On Friday of last week, Bombardier Inc. (TSX: BBD.B) finally got some good news. The Montreal-based company got an order from Macquarie AirFinance for 40 CS300 jets, with an option for 10 more. That brings the total order number to 243, much closer to Bombardier’s goal of 300. The stock jumped 3.7% on the news.
Yet the stock is still trading for less than $4 per share, well below the $7 level reached in 2011. This has many investors wondering if the stock could skyrocket, just by rebounding to previous levels. Such an outcome is not impossible, especially if the CSeries plane is delivered on time.
But Bombardier remains a very risky investment. On that note, below is one big reason to avoid the shares – in fact it’s the only reason you should need. Then we take a look at a stock you should buy instead.
1 big reason to avoid Bombardier: Cash shortages
Bombardier’s problems with the CSeries are turning into a major drain on cash resources. This should surprise no one, since buyers usually pay for most of an aircraft only when it’s delivered.
To illustrate what that’s done to Bombardier, let’s look at what’s happened since the beginning of 2011. In February of that year, the company had $4.7 billion in debt and $4.2 billion in cash. The $500 million in net debt was very manageable. But then over the next three years, free cash flow was a combined negative $3 billion. Now, net debt stands at $5.2 billion.
And the news could easily get worse. Free cash flow is likely to remain negative until the CSeries is commercially available, putting further pressure on cash resources. And if the jet isn’t ready by year-end 2015, then the company could have trouble with a $750 million debt repayment due early the following year.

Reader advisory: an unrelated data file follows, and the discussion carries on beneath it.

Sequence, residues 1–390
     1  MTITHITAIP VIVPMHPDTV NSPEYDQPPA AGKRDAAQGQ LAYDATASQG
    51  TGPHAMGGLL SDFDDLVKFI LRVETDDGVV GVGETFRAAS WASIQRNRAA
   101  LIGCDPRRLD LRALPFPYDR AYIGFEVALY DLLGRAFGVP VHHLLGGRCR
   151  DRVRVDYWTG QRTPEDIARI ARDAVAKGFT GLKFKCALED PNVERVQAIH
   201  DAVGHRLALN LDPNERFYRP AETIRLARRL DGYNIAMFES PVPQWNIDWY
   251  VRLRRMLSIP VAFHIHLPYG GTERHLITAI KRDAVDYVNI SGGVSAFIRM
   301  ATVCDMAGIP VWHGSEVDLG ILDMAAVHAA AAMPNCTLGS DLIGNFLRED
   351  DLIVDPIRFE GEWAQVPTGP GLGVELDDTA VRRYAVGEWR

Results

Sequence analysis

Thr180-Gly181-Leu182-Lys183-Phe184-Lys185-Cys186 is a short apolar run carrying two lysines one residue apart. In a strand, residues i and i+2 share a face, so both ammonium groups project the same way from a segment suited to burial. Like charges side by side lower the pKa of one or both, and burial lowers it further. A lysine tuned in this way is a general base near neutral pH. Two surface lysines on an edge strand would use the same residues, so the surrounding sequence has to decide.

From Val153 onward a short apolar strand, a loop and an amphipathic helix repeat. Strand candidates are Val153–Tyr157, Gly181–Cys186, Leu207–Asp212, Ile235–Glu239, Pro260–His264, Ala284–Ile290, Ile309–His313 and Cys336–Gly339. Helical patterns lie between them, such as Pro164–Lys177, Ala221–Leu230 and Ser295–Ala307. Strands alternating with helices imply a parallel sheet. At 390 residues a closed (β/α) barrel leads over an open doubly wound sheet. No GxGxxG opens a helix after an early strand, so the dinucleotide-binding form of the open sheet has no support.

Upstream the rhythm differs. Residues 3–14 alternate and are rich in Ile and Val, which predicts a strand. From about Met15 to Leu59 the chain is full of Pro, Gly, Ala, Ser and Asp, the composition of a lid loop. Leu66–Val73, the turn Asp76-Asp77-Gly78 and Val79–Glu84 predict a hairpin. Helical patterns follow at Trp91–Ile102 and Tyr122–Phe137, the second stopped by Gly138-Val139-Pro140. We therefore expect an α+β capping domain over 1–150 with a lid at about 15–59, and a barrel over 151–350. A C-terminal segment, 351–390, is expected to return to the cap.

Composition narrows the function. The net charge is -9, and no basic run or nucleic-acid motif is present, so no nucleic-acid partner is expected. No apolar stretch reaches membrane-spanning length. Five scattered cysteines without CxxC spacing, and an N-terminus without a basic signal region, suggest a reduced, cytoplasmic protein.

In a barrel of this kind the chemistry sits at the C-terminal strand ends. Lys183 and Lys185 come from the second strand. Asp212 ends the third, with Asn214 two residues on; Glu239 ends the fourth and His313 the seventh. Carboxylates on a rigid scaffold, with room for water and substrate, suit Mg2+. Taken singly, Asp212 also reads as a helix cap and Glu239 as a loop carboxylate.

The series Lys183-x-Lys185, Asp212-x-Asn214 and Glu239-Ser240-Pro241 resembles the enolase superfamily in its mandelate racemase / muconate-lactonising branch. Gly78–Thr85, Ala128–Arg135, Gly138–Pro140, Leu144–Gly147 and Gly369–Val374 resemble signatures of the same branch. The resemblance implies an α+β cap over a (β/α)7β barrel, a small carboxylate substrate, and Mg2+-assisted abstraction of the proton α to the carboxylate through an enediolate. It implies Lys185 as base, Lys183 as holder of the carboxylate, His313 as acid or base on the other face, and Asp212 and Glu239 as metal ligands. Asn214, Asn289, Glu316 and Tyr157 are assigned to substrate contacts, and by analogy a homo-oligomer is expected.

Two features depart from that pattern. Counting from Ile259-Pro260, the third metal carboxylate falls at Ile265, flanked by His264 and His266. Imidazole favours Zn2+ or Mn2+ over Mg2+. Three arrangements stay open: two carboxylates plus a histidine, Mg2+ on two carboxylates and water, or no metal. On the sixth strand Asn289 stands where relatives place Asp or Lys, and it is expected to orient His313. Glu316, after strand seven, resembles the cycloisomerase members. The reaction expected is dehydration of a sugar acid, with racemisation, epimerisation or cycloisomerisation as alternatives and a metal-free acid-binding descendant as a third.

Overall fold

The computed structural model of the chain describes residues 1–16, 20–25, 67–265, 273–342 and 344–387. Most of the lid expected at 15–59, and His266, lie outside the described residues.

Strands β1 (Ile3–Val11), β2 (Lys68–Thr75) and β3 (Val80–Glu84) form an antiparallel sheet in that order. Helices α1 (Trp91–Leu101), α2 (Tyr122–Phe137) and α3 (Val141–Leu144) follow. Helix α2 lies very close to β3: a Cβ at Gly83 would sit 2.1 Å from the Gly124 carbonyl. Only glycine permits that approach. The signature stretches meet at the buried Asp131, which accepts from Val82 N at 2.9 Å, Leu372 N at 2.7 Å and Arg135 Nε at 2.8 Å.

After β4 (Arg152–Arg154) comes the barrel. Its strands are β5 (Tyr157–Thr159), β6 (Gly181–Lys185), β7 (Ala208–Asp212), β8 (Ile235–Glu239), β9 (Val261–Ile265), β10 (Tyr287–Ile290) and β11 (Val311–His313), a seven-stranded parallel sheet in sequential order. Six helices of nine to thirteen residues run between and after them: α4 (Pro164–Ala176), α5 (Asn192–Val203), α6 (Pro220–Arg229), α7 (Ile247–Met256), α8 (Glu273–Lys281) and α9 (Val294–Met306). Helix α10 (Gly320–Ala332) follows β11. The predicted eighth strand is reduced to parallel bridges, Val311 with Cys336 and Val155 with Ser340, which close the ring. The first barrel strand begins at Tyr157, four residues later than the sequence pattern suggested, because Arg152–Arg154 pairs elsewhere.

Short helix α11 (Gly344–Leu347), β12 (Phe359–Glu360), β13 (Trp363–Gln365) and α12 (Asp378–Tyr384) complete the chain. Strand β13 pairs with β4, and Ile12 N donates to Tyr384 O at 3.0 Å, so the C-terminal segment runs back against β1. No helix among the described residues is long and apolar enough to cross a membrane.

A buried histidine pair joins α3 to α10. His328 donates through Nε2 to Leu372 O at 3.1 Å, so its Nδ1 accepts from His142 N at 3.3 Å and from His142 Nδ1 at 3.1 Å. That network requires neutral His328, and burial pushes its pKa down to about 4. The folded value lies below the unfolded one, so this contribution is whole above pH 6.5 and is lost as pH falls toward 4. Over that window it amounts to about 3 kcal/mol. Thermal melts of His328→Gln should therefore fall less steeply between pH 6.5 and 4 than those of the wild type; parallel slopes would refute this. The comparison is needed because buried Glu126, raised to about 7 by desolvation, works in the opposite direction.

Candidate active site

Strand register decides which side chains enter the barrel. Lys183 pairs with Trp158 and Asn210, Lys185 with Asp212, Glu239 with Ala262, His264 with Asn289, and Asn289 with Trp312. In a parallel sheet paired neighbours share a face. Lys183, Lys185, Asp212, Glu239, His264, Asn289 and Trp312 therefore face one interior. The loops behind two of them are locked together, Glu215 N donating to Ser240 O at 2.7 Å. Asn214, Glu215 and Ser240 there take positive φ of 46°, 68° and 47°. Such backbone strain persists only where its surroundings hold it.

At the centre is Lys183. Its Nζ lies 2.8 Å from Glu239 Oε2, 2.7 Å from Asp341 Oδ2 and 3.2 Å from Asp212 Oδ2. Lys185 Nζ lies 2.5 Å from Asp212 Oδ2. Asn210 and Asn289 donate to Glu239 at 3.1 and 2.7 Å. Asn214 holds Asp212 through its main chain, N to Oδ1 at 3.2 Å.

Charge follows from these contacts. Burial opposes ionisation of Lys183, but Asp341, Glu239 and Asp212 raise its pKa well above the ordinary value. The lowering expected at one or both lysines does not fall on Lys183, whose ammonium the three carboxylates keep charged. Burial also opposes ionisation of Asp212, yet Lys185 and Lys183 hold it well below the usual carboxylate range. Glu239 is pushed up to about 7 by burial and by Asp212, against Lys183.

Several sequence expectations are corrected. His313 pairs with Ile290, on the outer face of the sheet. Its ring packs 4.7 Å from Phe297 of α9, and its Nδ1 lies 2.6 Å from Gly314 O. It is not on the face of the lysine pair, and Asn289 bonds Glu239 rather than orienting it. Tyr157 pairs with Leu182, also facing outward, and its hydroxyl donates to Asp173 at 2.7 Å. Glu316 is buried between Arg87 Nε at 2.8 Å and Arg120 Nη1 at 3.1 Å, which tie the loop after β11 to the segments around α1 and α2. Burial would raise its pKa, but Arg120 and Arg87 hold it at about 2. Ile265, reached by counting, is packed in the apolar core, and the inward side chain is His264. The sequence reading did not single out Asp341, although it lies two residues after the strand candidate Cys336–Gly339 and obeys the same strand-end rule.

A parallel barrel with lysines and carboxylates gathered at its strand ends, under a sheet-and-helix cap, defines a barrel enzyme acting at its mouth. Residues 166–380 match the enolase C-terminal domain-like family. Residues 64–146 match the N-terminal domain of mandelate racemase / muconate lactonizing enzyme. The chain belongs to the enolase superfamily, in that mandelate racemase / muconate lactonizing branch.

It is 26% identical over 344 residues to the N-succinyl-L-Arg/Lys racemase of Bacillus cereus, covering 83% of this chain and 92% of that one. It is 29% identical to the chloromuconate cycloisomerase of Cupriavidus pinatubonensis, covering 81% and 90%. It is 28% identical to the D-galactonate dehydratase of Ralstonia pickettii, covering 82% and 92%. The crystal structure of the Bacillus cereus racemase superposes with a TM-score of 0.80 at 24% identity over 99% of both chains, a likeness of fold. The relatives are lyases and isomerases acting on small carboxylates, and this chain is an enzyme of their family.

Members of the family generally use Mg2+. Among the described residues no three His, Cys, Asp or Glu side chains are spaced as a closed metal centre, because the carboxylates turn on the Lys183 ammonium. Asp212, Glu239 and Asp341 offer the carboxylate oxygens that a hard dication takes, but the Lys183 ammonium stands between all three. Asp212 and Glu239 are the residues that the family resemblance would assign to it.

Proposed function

Bombardier maintains that the CSeries will not encounter any (further) delays. But others are not buying the story – one experienced analyst called the company “borderline delusional”, according to Bloomberg.
1 stock to buy instead: CAE
CAE is the world leader in simulation-based products and services for commercial airlines and militaries. And unlike Bombardier, there are no cash flow issues. This is partly because CAE collects a good chunk of money up front when building products. It’s also because the company’s service revenue is quite smooth, helping to even out the lumps from selling products. Last year alone, CAE earned nearly $120 million in free cash flow.
CAE’s shares may look expensive at over 18 times earnings, but this is a great company, with numerous opportunities for growth. And it’s certainly a lot less risky than a company like Bombardier.
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This article represents the opinion of the writer, who may disagree with the “official” recommendation position of a Motley Fool premium service or advisor. We’re Motley! Questioning an investing thesis — even one of our own — helps us all think critically about investing and make decisions that help us become smarter, happier, and richer, so we sometimes publish articles that may not be in line with recommendations, rankings or other content.
Fool contributor Benjamin Sinclair has no position in any stocks mentioned.